Can the logic of $\sqrt[n]x = x^{1/n}$ be applied to tetration and other natural numbered hyperoperations greater than exponentiation, or, do reciprocals of positive integers as the second argument of a hyperoperation greater than exponentiation always equate to the root analog of that operation? Is there a general proof of this?

An example of what I mean is x tetrated to the one half and the super-square root of x being the same value, then extended to all positive integer denominators and all hyperoperations above exponentiation.

  • Your phrase "the logic of" is a bit vague. Can you please clarify? – Adrian Keister May 17 at 14:31
  • Welcome to MSE. Please read this text about how to ask a good question. – José Carlos Santos May 17 at 14:40
  • I don't see why not. Just define it that way. However, I'm not certain it's all that useful. – Arthur May 17 at 14:56
up vote 0 down vote accepted

No. The reason why $\sqrt[n]x = x^{1/n}$ is because $(x^a)^b = x^{ab}$, so assuming $x \in (0,\infty)$ we would have $(\sqrt[n]x)^n = x = x^{n/n} = (x^{1/n})^n$, which implies $\sqrt[n]x = x^{1/n}$. There is no similar identity for hyperoperations.

For example, let's look at tetration. There is no standard definition of ${^b}a = a^{a^{{...}^a}}$ with height $b$ for noninteger $b$, so the expression ${^{1/b}}a$ is not well-defined without a continuous interpolation of some kind. One could imagine defining ${^{1/b} a}$ to be the solution to ${^b}x = a$. However, there's no reasoning to justify this definition, because unlike exponentiation, tetration does not satisfy ${^{bc}}a = {^b}({^c}a)$. Why not? Well let's just look at an example with $a = b = 2$ and $c = 3$. Then ${^{2\cdot 3}2 = 2^{2^{2^{2^{2^2}}}}} \ne {^2}({^3}2) = {^2}(2^{2^2}) = 16^{16}$. Thus the reasoning behind $\sqrt[n]x = x^{1/n}$ doesn't apply to tetration. You might define ${^{1/b}}x$ to be the inverse of ${^b}x$, but this definition will break down once you try extending to noninteger $b$. To take your logic a bit farther, suppose we define $^{1/n}x$ as the inverse function of ${^n}x$ and then define $^{m/n}x = {^{1/n}}({^m}x)$. This actually not even well defined: By our working definition, ${^{1/2} 4} = 2$, because ${^2}2 = 2^2 = 4$. But also by our definition this should be the same as ${^{2/4} 4} = {^{1/4}}({^2}4) = {^{1/4}}(4^4) = {^{1/4}}256$, i.e. the solution to $x^{x^{x^x}} = 256$, which numerically comes out to be about $x = 1.8973...$, clearly not equal to $2$.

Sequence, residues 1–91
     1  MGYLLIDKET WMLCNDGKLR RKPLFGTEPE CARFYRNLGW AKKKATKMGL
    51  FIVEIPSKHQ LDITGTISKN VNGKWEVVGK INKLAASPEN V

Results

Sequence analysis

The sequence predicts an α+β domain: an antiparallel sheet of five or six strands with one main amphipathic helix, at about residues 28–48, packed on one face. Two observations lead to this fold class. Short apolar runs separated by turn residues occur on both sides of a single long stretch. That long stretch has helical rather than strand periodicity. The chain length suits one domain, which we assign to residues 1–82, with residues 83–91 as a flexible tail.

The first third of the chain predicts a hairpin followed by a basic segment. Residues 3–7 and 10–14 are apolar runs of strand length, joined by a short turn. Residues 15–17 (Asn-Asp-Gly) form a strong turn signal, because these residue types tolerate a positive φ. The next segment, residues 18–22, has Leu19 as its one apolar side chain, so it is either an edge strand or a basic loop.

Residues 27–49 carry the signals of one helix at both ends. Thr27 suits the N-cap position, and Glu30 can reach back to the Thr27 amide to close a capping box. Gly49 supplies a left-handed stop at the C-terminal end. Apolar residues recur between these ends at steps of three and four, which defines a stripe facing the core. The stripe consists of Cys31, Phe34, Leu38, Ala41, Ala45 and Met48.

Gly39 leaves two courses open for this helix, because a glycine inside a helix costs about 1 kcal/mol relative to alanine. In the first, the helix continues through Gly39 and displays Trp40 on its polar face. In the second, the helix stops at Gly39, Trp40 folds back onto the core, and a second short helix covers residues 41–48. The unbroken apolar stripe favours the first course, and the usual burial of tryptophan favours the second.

We can define $n-$fold tetration as $f(x,n)=x^{x^{x^{\ldots x}}}$ with $n$ layers in the stack. As this function is monotonic in $x$ (for large enough $x$) we can define an inverse in the first argument by $g(y,n)=x$ when $f(x,n)=y$. According to Wikipedia, there is no accepted way to extend $f(x,n)$ to allow the second argument to be real, so we do not have continuity in the second argument to allow an inverse there. Given $x$ and a target $y\ge 1$ you can generally find a nonnegative integer $n$ such that $f(x,n) \le y \lt f(x,n+1)$

If you want to use the $1/n$ symbolism, we could just define $f(x,1/n)=g(x,n)$ using the above $g$. As we hadn't defined $f$ on fractional arguments before this is not a problem. In this case we will have $f(x,1/2)=y$ where $y^y=x$ We need to require that $x \gt (1/e)^{(1/e)}\approx 0.6922$ to get an invertible function.

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